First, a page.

Jonah Goldberg

And that brings us back to President Bush claim that we are safer today because Saddam is gone. Bush is running for re-election, and presumably his strategists and advisors believe that he has to say it that way. He may also believe it. But I think it's simply not true. Of course, it's impossible to know for sure. Who knows what Saddam might have done while America focused on al-Qaida? The sanctions regime was falling apart, thanks to the active mischief of the French and others. We know now that the oil-for-food program was giving billions to Saddam under the table.

We also now know - thanks to the Senate intelligence report - that more than likely Saddam was trying to obtain uranium from Africa. (We also know from that report that the White House did not pressure the CIA to fabricate any evidence against Saddam.) Still, if you assume that the prewar status quo was permanently sustainable, we would probably be safer if Saddam were still in power, murdering thousands of his own people, rewarding suicide bombers in Israel, and cheering al-Qaida (Saddam publicly applauded the 9/11 attacks, if you recall).

But who cares? Seriously, time bombs are very dangerous when you try to defuse them. Does that mean cops shouldn't try? America was much less safe for years after FDR and the Congress decided to wage war against Germany, Japan and Italy. Does that mean he shouldn't have done it? The "Greatest Generation" was great precisely because they understood that the safety of their grandchildren was more important than their own safety.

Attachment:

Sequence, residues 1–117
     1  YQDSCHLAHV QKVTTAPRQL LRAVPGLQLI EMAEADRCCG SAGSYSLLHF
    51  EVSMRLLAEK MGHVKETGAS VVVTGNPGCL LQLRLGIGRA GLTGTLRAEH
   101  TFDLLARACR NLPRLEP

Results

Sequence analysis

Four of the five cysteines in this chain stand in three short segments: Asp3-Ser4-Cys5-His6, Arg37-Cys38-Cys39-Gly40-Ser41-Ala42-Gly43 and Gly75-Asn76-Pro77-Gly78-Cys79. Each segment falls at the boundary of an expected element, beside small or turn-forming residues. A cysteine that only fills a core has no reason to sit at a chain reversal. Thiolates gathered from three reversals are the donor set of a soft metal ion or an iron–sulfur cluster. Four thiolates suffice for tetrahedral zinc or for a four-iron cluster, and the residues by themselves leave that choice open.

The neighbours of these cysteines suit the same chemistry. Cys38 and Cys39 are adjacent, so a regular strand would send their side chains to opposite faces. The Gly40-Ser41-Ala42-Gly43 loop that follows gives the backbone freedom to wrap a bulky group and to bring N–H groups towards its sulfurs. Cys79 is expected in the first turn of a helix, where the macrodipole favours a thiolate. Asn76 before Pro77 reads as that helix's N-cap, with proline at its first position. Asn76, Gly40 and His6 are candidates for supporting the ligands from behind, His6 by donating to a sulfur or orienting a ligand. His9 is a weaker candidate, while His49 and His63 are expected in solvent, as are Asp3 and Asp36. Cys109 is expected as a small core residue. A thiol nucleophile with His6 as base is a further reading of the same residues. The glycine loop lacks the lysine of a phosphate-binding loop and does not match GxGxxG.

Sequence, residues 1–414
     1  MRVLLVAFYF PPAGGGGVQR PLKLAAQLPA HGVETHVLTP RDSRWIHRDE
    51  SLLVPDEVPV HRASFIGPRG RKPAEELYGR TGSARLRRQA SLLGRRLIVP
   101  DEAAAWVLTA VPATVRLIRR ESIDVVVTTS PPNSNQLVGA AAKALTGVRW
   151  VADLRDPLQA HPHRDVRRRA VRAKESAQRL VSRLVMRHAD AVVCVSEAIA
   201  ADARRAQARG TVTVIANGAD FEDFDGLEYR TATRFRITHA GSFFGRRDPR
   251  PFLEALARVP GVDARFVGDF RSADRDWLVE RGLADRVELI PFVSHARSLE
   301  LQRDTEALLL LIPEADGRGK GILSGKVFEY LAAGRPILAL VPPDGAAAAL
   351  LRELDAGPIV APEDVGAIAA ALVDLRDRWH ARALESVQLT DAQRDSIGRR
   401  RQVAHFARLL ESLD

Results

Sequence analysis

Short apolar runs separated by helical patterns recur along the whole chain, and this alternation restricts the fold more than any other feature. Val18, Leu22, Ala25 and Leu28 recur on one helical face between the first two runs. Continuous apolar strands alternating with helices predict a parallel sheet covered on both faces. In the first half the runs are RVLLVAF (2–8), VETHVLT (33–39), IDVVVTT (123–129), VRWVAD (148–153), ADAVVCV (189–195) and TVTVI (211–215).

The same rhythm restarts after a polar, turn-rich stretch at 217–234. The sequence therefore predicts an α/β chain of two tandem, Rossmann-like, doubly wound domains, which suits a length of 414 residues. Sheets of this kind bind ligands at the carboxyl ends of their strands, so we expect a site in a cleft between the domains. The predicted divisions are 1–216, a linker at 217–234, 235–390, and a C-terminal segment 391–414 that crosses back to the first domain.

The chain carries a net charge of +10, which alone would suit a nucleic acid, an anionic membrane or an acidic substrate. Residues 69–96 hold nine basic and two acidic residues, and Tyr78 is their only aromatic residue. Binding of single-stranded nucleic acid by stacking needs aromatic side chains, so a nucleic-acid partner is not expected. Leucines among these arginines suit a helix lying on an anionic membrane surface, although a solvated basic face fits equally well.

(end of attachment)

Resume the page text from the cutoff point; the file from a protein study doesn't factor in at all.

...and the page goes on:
John Kerry is claiming that George W. Bush has the wrong "values" because he went to war when "he didn't have to." Fair enough, for an election year. But it seems to me that Bush could turn that around on Kerry. I think President Bush can claim the right values precisely because he had the courage to do the right thing in the long run, even if it was the risky thing in the short run. Kerry values stability and alliances for their own sake, which is another way of saying he values popularity over principles. If Iraq becomes the engine of a prosperous and democratizing Middle East in 20 years, who in the next generation won't be grateful for the values of this generation?

Alas, that's my argument, not George Bush's.

Jonah Goldberg

Jonah Goldberg is editor-at-large of National Review Online,and the author of the book The Tyranny of Clichés. You can reach him via Twitter @JonahNRO.
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